Every January, we at TTC haul out our crystal ball, test the market, examine all the trend reports, and then present our predictions for the coming year. Of course, by the time we get to that point, most experts have pontificated, editorial calendars have been printed and many prophecies, self-fulfilling and otherwise, emerge or crash and burn. At TTC, we try to get beyond the obvious; and sometimes deliberately seek literally, ‘the edge’.
In January, when we published our ‘What’s Hot and Not’ list, no one was even dimly aware of an important new factor that would change our lives, economies and health priorities. We made our bold prophecies against the prevailing micro and macro-trends; some have borne out, and many more appear to have dropped in both priority and urgency.
On our ‘what’s hot’ list we documented prebiotics and synbiotics, mushroom products, and Mintel’s recently proclaimed darling of the nutra universe, collagen and nutribeauty. We were on point with all three of these. Prebiotic awareness and interest continue to grow, accelerated by the immune uptick earlier this year, and also part of a general wave of interest associated with another one of our hot areas – the microbiome. Plus, as companies brand extend from probiotics alone, we are seeing more interest in synbiotics. So, we’ll consider that a win. Mushrooms also benefited from the immune focus of recent months and articles like this Insider piece have helped raise their profile. On the nutribeauty and collagen front, perhaps nothing points out the future potential of this category more than the Nestle acquisition of Vital Proteins.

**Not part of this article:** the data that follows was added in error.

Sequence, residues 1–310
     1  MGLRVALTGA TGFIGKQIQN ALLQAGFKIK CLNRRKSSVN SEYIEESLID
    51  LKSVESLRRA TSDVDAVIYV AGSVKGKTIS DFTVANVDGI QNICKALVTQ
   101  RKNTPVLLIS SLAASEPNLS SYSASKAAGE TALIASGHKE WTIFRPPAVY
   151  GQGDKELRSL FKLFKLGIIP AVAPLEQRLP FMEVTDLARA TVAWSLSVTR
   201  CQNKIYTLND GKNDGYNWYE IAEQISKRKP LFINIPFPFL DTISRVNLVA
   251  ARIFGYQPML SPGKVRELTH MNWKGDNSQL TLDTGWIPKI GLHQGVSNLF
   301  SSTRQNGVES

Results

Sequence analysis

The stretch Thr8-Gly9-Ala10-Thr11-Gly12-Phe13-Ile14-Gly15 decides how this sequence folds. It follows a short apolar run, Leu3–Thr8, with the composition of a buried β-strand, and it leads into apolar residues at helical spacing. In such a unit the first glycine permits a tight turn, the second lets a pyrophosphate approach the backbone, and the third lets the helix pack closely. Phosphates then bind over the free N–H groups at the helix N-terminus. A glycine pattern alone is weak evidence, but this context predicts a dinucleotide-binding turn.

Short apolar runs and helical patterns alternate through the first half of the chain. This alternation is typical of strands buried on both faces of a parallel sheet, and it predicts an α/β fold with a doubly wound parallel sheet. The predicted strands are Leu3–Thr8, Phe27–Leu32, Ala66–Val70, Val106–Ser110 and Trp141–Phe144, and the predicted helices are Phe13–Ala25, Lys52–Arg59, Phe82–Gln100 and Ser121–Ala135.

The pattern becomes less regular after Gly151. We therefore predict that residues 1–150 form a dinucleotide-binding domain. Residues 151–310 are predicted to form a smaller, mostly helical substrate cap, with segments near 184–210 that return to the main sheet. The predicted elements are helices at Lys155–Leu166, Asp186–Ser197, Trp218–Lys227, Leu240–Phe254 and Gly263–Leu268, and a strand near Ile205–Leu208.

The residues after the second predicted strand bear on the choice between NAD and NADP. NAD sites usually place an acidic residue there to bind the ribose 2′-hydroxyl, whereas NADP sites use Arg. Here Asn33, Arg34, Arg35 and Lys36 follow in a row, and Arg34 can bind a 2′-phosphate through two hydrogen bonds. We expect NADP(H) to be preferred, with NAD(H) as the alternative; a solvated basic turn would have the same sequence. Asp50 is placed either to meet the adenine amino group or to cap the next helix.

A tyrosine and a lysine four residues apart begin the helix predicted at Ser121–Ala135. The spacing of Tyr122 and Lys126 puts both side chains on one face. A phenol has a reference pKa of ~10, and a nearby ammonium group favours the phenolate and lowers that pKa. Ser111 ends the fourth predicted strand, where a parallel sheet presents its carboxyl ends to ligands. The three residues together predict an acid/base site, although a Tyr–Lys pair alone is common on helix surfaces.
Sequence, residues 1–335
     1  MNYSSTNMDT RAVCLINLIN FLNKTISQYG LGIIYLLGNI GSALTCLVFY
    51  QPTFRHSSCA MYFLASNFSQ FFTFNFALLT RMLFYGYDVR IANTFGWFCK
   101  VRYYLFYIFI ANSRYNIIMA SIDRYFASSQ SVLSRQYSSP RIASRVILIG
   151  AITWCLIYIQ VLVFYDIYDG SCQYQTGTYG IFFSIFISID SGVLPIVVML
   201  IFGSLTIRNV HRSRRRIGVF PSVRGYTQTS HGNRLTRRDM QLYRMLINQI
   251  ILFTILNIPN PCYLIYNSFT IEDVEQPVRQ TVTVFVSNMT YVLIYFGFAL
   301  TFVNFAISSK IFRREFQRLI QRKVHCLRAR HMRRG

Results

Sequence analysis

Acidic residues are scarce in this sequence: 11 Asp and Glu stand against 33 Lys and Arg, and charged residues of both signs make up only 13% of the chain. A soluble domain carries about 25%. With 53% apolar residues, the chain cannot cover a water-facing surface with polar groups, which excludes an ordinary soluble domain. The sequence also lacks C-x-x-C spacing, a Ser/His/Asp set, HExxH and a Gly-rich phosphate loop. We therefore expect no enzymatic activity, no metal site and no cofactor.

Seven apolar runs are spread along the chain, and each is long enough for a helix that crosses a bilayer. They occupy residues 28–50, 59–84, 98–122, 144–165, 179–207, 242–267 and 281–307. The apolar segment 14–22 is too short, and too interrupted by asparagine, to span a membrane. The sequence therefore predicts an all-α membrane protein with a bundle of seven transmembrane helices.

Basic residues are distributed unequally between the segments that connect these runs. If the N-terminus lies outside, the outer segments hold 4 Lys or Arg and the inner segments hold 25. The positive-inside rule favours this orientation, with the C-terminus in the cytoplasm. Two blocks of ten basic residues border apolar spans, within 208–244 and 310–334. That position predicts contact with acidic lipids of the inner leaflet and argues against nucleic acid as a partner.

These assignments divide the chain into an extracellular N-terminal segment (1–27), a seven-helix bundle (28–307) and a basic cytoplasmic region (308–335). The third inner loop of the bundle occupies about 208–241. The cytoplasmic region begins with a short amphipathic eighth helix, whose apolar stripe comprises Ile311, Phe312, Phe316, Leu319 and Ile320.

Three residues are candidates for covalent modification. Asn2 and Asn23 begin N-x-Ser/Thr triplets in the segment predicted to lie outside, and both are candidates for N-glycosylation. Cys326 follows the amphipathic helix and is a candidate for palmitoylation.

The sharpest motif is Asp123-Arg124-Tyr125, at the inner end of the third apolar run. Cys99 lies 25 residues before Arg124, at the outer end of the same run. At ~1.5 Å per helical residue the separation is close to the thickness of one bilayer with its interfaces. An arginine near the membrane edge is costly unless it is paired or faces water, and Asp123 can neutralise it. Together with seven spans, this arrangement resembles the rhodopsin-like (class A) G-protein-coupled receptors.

The combination of personalization and the microbiome is another one of those dynamic duos, and the first half of 2020 has seen a continued acceleration of microbiome research, as the microbiome gets implicated in more mechanisms associated with immunity and inflammation. We are starting to see the emergence of synbiotics and prebiotics intended to address population groups and type, so while not ‘n=1’ personalization, certainly a move towards targeted supplement delivery based on diagnostics and metabolomics.
Remember CBD? We said that we’d see advances in proving the safety of CBD products. Well, not so much although this week, the US House did pass a bill that would allow US troops to use CBD products. This is some movement, even if dialogue between industry and FDA has languished and FDA itself does not appear to have made much of an advance in its thinking about how to effectively regulate CBD products. CBD largely though has been bumped from the news for the better part of 2020. In our ‘what’s not’, we said we did not expect to see industry-led new science. Guess we got that one right, although it’s so tough to actually do the research in the current gray zone of official regulation.